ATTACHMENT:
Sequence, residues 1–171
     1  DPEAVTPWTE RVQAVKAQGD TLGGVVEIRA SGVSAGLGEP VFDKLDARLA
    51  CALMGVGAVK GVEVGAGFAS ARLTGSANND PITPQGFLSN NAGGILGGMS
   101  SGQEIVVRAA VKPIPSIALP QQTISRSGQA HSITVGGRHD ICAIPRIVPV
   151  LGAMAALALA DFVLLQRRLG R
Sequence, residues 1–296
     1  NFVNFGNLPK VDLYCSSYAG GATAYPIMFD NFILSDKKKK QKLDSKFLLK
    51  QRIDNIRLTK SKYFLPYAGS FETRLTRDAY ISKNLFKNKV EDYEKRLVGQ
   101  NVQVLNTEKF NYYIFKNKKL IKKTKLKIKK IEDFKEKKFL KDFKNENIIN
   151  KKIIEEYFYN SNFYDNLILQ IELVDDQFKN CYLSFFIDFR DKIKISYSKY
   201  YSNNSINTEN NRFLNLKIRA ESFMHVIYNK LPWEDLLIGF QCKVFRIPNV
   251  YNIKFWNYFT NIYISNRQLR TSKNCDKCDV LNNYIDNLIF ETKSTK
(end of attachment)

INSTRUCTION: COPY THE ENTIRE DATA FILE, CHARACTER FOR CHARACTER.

Sequence, residues 1–171
     1  DPEAVTPWTE RVQAVKAQGD TLGGVVEIRA SGVSAGLGEP VFDKLDARLA
    51  CALMGVGAVK GVEVGAGFAS ARLTGSANND PITPQGFLSN NAGGILGGMS
   101  SGQEIVVRAA VKPIPSIALP QQTISRSGQA HSITVGGRHD ICAIPRIVPV
   151  LGAMAALALA DFVLLQRRLG R
Sequence, residues 1–296
     1  NFVNFGNLPK VDLYCSSYAG GATAYPIMFD NFILSDKKKK QKLDSKFLLK
    51  QRIDNIRLTK SKYFLPYAGS FETRLTRDAY ISKNLFKNKV EDYEKRLVGQ
   101  NVQVLNTEKF NYYIFKNKKL IKKTKLKIKK IEDFKEKKFL KDFKNENIIN
   151  KKIIEEYFYN SNFYDNLILQ IELVDDQFKN CYLSFFIDFR DKIKISYSKY
   201  YSNNSINTEN NRFLNLKIRA ESFMHVIYNK LPWEDLLIGF QCKVFRIPNV
   251  YNIKFWNYFT NIYISNRQLR TSKNCDKCDV LNNYIDNLIF ETKSTK